Special Report: BI Meets the Spreadsheet Phenomenon

The business intelligence (BI) market is about to be overtaken by what could be called the "spreadsheet phenomenon."

According to the coiner of the phrase, Nick Halsey, VP of corporate marketing for Palo Alto-based Brio, spreadsheets, God's gift to accountants, were once only used by 10 percent of a workforce, but 90 percent of the time. Now the reverse is true. Thanks to client/server tools, the same thing is about to happen in BI.

"Five years ago the bigger companies were investing in specialized data warehouses, but BI was not yet ubiquitous," Halsey says. "Now BI has become a critical part of the decision making process. The boss needs his daily sales report update. The product manager needs to look up product shipping status. Eventually it becomes mission critical."

Industry observers see a booming market ahead for BI tools. "There is a lot of pent up demand for BI," says Bill Langston, director of marketing at Sacramento-based NewGeneration Software, Inc. "Many organizations couldn't begin BI projects until they solved their Y2K problems. Once they get that behind them we feel BI will be a high priority."

They will have a lot of choices to make. Everyone in an organization can benefit from access to the company's database in one way or another. The purpose of client/server BI tools is to put the ability to do queries, simple or complex, in the end users' hands and spare an IT staff the task of running reports for them.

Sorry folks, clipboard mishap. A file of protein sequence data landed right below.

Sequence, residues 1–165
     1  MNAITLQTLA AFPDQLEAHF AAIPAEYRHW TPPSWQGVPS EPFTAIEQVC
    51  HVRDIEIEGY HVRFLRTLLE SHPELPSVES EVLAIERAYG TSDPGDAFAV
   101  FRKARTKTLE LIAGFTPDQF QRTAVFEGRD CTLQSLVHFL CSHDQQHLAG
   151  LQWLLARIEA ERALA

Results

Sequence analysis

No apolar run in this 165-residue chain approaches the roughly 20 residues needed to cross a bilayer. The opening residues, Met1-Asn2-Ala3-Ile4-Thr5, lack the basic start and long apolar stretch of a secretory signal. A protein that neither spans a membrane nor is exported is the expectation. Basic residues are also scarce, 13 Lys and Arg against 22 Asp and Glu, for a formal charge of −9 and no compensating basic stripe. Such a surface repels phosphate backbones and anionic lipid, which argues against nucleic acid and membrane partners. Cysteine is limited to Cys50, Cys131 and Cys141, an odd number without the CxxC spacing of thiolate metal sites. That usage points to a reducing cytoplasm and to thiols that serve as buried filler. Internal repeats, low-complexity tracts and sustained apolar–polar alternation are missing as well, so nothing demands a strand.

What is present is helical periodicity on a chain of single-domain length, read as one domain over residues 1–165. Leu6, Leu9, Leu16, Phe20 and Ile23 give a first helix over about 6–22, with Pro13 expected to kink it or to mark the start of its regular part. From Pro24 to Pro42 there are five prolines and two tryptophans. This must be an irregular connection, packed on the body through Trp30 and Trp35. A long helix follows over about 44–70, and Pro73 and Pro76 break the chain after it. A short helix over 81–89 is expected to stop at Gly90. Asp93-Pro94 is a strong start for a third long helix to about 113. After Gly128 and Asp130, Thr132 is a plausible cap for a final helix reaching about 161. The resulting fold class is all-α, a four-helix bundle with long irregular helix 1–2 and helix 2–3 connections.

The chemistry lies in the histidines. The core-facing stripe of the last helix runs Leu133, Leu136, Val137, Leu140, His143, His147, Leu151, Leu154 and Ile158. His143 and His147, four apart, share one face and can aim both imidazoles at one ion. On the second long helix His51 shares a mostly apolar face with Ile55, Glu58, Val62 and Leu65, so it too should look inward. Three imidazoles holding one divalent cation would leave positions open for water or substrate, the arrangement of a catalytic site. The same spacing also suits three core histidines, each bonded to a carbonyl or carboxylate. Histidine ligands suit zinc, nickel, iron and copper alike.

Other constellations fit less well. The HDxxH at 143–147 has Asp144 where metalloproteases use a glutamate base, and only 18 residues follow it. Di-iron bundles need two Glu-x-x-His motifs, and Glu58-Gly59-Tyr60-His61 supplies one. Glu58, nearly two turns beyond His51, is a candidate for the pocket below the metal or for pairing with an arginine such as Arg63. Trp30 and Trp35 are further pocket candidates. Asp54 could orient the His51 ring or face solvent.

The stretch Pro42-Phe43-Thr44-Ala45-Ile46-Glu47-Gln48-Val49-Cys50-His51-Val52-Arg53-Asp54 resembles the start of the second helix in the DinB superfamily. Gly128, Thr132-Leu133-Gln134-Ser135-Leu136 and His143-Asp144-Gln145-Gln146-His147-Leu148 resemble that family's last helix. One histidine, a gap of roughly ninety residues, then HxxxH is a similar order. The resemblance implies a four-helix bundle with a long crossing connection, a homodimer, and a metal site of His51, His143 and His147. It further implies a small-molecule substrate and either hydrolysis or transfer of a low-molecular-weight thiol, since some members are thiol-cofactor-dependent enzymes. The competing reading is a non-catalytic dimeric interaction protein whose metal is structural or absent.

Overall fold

"IT people don't have the time to keep up with users' personal needs," says Eric Figura, sales and marketing manager at Business Computer Design International, Inc. (BCD), based in Hinsdale, Ill. "IT wants users to be more self sufficient, but doesn't want to give up control over corporate databases."

For companies without the resources to build a full scale data warehouse, BCD offers solutions that provide customized reports by querying data in standard reports.

"A lot of work has been done in reporting systems already," Figura says. "A report is like a mini-database. The information is there but 10 different users will want to see it 10 different ways. By trapping certain data we can provide different views of the same report. The database is protected and users can't slow the system by trying to run queries they don't understand."

Mychelle Mollot, director of product marketing at Burlington, Mass.-based Cognos, sees enterprise BI needs as a continuum of added value, flowing from simple, run-the-business functions to complex, improve-the-business analysis tools. Components within a single product, such as Cognos', can provide a solution for users at all levels.

For example, at the run-the-business end of the continuum, an inventory clerk can ask for a report on what products are running off a production line each week. Farther up the continuum a sales manager can ask for a report on sales in a particular region during the past quarter.

"The product suite can be used by different users in different ways," Mollot says. "The value to the user is that his or her level of sophistication doesn't matter. It can deliver the report needed by that person whether the information means anything to anybody else or not."

John Hughes, VP of sales and marketing at Silvon Software, based in Chicago, sees the consolidation of tools into single applications as a general market trend.

"BI products are becoming more packaged," Hughes says. "Analytical functions that solve specific problems, like planning, forecasting, or financial, sales, vendor performance and customer profitability analysis, are delivered as applications with the tools below the surface. The user never really touches them. It's like the ERP world. You used to select best-of-breed tools and build your own system. Now you buy one application."

Another trend, according to Brio's Halsey, is the merging of BI and enterprise reporting. "Our customers are saying they want one product with a server component and good management and distribution capabilities so they can schedule something to run at three a.m. on Sunday and distribute it to 100 people," he says. "Management and distribution are becoming as important as end user functionality and ease of use."